Logical knowledge and ordinary reasoning
First Online: 03 December 2010 DOI:
10.1007/s11098-010-9672-3 Cite this article as: Besson, C. Philos Stud (2012) 158: 59. doi:10.1007/s11098-010-9672-3 Abstract
This paper argues that the prominent accounts of logical knowledge have the consequence that they conflict with ordinary reasoning. On these accounts knowing a logical principle, for instance, is having a disposition to infer according to it. These accounts in particular conflict with so-called ‘reasoned change in view’, where someone does not infer according to a logical principle but revise their views instead. The paper also outlines a propositional account of logical knowledge which does not conflict with ordinary reasoning.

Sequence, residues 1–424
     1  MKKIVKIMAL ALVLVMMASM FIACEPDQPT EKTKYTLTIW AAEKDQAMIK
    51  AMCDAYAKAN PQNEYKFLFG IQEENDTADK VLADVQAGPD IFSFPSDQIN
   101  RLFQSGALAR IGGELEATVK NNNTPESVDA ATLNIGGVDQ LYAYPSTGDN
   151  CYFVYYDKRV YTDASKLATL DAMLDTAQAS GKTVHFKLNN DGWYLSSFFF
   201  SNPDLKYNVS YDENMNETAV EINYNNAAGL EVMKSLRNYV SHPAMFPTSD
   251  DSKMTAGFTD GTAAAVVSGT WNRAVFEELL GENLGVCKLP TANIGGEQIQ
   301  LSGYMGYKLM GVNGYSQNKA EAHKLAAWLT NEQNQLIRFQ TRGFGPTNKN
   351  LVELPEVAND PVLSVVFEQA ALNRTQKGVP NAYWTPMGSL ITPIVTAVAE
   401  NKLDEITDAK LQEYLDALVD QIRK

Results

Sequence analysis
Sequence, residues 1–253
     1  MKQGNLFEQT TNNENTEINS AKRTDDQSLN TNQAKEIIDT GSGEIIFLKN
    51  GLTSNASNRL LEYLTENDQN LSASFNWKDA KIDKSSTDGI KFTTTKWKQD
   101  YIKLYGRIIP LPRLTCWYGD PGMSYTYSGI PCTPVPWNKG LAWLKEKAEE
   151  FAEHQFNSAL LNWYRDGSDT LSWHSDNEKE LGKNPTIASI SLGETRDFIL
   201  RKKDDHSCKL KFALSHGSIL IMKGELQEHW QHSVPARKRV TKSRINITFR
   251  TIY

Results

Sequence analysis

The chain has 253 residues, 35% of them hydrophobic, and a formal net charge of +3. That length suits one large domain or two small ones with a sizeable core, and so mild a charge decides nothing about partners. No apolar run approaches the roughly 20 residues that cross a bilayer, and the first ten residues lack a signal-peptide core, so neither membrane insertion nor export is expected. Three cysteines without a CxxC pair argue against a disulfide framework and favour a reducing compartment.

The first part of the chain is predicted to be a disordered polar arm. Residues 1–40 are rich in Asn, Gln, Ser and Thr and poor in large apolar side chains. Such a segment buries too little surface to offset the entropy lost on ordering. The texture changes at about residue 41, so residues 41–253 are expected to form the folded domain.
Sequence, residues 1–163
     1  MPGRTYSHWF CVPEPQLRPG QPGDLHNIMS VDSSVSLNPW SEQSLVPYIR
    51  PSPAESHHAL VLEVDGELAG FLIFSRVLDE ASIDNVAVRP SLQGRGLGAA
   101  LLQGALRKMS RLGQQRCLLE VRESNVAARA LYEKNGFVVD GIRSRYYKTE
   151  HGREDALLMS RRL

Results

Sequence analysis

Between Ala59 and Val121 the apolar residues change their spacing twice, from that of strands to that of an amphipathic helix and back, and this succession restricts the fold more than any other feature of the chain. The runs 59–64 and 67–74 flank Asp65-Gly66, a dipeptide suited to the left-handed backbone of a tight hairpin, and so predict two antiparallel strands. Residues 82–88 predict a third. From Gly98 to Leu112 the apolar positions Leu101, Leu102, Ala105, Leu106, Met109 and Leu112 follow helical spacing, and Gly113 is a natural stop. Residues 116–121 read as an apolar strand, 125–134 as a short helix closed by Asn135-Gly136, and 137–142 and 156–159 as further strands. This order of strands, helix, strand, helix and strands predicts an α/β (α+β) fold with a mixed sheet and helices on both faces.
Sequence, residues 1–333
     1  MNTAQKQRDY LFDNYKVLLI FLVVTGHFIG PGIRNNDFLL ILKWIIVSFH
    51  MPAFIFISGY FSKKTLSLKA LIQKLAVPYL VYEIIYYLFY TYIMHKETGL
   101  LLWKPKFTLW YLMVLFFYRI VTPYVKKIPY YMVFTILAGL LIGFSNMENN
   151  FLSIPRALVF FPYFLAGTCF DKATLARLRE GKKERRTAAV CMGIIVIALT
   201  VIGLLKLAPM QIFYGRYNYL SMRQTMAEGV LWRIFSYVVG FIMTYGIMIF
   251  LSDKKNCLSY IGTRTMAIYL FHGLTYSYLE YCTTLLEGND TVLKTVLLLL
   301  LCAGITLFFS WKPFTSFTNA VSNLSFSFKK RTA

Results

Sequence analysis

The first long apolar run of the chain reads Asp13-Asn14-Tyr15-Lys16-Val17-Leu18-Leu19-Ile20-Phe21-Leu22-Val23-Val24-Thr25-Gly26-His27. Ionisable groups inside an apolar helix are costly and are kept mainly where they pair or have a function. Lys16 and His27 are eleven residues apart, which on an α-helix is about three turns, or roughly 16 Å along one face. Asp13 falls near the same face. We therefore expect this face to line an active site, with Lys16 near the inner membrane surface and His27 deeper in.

Keywords Logical knowledge Ordinary reasoning Harman Dispositions Single-track Multi-track Blameless but blind reasoning Propositional knowledge References
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